What is a Crone? By Deanne Quarrie

Deanne QuarrieFirst of all a Crone is a woman. She has lived most of her life already and has accumulated many life experiences and therefore, can relate to those younger than her with greater understanding. She has acquired the wisdom associated with having had those life experiences. She has reached a place in her life when she may be slowing down. She may have retired from her career. She may want to devote more time to herself, serving more as an advisor rather than as the doer. We can read the poem, Warning by Jenny Joseph to get an idea, or watch her read it here or below…

“When I am an old woman I shall wear purple
With a red hat which doesn’t go, and doesn’t suit me.
And I shall spend my pension on brandy and summer gloves
And satin sandals, and say we’ve no money for butter.
I shall sit down on the pavement when I’m tired
And gobble up samples in shops and press alarm bells
And run my stick along the public railings
And make up for the sobriety of my youth.
I shall go out in my slippers in the rain
And pick flowers in other people’s gardens
And learn to spit.

You can wear terrible shirts and grow more fat
And eat three pounds of sausages at a go
Or only bread and pickle for a week
And hoard pens and pencils and beermats and things in boxes.

But now we must have clothes that keep us dry
And pay our rent and not swear in the street
And set a good example for the children.
We must have friends to dinner and read the papers.

But maybe I ought to practice a little now?
So people who know me are not too shocked and surprised
When suddenly I am old, and start to wear purple.”

What this poem says that when a woman reaches a certain age, she is no longer driven by what others think. She simply doesn’t care what they think anymore. What matters to them is not her concern – only what matters to her.
Every woman has moments and days when the Crone appears in her life, just as the Maiden, the Mother and the Queen present themselves. It is basically how much of each show themselves that might determine what stage the woman is in at that time.

We all seem to push to be considered Crones, WAY before we really are. Yes, no matter what age, we have our wisdom. But it is only when the Crone aspect of ourselves is front and center almost all the time that we can truly be considered Crone. There is no rush. Why choose to be “old” when in the prime of life?

When Do You Become a Crone?

There are many schools of thought on this. Goddess women who honor their blood mysteries say that when a woman stops her monthly menses, she is a Crone. These days however, we have women ceasing their flow while still in their thirties. What happens when a woman stops bleeding because she has had a hysterectomy? Is she now a Crone? It is my opinion that no longer bleeding is only one aspect of becoming a Crone.

Some people decide a woman is a Crone when she reaches a certain age. Some say 50, others say 60 but can age alone determine a Crone?

Astrologically, it is said that when the planet Saturn makes its second pass around in our birth chart, we are now a Crone. That happens every 29 years, so it would be in a person’s 58th year that it happens. It takes a while, several months to actually pass by, so it might not be until she is 59.

I remember the years following my first Saturn Return at age 29. Major things happened in my life after that. Really, my whole life changed because my sense of self had changed along with how I viewed life. EVERYTHING was different.

During my second Saturn Return, I fell in love again. It was passionate, life changing and left me reeling. It rocked my world. I did not know at the time it was during my second Saturn Return so there was no bias or awareness affecting my experience. It was only after that I looked at my chart and realized what had occurred.

Since then, Croning has been a slow process. It has been an adjustment to a body that won’t do what it used to do. While I am still very active in my life, creating and building, writing and expressing, there is a prominent focus on my own self-care and a huge difference in how I see the world. I find myself being on one hand, more compassionate with my fellow humans and yet, on the other hand, less tolerant of all the “BS” I am exposed to.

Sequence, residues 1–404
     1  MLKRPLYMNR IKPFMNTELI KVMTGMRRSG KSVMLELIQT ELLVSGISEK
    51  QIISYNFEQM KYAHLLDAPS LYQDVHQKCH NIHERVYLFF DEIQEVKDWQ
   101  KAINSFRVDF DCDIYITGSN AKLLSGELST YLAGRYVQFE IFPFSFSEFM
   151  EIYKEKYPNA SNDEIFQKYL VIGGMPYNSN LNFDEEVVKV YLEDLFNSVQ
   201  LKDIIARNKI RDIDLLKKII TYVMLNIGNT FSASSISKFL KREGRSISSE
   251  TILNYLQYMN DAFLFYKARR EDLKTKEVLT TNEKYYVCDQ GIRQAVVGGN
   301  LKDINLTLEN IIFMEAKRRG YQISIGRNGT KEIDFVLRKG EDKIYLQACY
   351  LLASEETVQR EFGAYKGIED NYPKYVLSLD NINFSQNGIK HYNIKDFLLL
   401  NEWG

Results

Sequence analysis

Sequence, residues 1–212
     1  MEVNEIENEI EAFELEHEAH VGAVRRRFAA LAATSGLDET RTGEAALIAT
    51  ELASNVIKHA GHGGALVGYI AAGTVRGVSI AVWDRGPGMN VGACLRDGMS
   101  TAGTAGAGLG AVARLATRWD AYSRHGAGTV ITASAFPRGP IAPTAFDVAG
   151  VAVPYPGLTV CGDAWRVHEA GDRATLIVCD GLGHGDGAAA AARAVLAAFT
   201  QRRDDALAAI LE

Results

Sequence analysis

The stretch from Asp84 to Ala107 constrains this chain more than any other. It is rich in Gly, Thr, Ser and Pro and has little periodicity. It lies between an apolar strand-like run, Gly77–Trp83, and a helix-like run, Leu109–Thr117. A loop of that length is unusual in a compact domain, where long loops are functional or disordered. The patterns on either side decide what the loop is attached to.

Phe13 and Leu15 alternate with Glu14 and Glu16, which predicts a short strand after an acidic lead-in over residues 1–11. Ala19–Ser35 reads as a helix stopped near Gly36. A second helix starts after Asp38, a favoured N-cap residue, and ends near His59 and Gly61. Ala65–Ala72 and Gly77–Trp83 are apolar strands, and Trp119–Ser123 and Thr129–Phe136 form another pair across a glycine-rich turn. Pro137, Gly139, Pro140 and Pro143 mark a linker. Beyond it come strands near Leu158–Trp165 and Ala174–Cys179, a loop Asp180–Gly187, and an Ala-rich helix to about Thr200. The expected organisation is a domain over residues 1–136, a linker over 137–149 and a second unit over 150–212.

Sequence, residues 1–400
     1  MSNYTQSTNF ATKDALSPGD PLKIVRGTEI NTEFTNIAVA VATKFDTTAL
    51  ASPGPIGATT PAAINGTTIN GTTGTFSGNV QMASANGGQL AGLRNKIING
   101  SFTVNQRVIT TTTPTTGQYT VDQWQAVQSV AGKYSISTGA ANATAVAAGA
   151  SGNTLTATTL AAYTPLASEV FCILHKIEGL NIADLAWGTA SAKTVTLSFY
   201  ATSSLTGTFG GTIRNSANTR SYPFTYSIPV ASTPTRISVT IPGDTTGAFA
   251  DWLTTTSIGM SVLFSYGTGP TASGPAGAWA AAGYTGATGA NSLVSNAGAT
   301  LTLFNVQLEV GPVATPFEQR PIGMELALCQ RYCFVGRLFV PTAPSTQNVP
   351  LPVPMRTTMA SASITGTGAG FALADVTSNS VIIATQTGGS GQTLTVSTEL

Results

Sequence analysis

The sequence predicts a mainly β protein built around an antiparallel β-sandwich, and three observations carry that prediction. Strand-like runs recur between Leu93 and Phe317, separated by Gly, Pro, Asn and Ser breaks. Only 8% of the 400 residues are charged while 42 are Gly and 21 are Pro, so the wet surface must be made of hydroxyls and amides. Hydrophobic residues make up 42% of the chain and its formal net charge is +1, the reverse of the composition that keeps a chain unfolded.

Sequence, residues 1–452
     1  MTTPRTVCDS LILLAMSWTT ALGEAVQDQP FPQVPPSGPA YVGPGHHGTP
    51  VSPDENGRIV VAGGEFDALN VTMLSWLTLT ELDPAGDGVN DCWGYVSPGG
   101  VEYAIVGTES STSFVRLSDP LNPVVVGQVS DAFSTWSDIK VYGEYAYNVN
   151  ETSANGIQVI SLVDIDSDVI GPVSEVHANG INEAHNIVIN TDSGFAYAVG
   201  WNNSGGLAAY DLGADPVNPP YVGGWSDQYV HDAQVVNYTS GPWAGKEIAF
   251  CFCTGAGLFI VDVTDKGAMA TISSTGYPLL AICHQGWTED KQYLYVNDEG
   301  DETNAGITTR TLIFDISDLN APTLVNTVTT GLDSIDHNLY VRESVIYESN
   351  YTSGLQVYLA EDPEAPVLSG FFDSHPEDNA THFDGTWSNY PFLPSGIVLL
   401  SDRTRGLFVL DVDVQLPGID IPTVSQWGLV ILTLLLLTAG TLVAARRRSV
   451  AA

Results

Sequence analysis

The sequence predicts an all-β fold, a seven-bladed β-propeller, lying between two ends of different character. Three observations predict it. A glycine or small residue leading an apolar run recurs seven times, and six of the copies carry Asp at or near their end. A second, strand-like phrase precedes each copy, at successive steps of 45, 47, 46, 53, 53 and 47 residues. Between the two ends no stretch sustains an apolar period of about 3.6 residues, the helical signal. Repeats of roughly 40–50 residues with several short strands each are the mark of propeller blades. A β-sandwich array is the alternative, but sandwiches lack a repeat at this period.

Insight and wisdom come to me quicker and with less effort. I have many more experiences of thinking “How did I know that?” and “Where did that come from?”

At 72, I am Crone. No doubt about it. I qualify with cessation of bleeding. I qualify by having had my second Saturn Return. I qualify from the acquisition of much knowledge. I qualify from having had a huge amount of life experience, the loss of friends and family, the knowledge of knowing I can take care of myself at all times and the wisdom to understand the beauty of love.

There was no sudden moment that I became a Crone. It wasn’t when I had a hysterectomy at 43. It wasn’t when I turned 50, when I turned 60 or even when I experienced my second Saturn Return. It was a slow moving evolution.

I haven’t retired from life. I am still going full force as a priestess in service to others. I am active in my community with my neighbors but there is something different from what was there before; an intangible difference that I feel in my bones, in my soul.

All I can say to you is that you will know when it is time to say, I am a Crone.

Deanne Quarrie. D. Min. is a Priestess of The Goddess and a practicing Witch and Druid. She is the author of five books. She is the founder of the Apple Branch and Beyond the Ninth Wave where she teaches courses in Druidism, Celtic Shamanism, and Feminist Dianic Wicca and mentors those who wish to serve others in their communities. She is also an Adjunct Professor at Ocean Seminary College and is the founder of Global Goddess, a worldwide organization open to all women who honor some form of the divine feminine.

Categories: Aging, General, Goddess Movement, Goddess Spirituality

Tags: , , , ,

21 replies

  1. What about the Wearing Purple indicator? Do you find you have increased the amount of purple in your wardrobe? (Now I’m going to have that Gogol Bordello song running in my head).
    Thanks for sharing a great poem!


    • Not sure if there is more or not for me. I do wear quite a bit of purple. My friends who are near my age all seem to love purple too! Red is also prominent in my life but that is more in my home!


      • I’ve definitely noticed the purple-crone connection. I was once on the council of a women’s spirituality organization and I do believe we were all at least in our 40s and most of us older. We had a non-profit consultant come in to help be more financially stable who arrived wearing, I believe, a black suit. She kind of laughed and said “Why I had this crazy idea you would all be wearing purple!” and we looked around the room and, sure enough, we were all wearing purple. And accessories… at another, much larger meeting of the same organization, the woman next to me said “Wow! Look at all these great accessories!” and it was true – dangly, bejewelled earrings, colorful silk scarves, silver necklaces and bracelets – we were all amazingly bedecked. I actually do think there is something about coming into your personal power, feeling comfortable being who you are, that encourages women to dress up – a wonderful, positive impulse, I think. And we must have similar home decorating instincts, too, Deanne – my house is red through and through – another impulse of women who feel comfortable with their own vibrant energy, I think.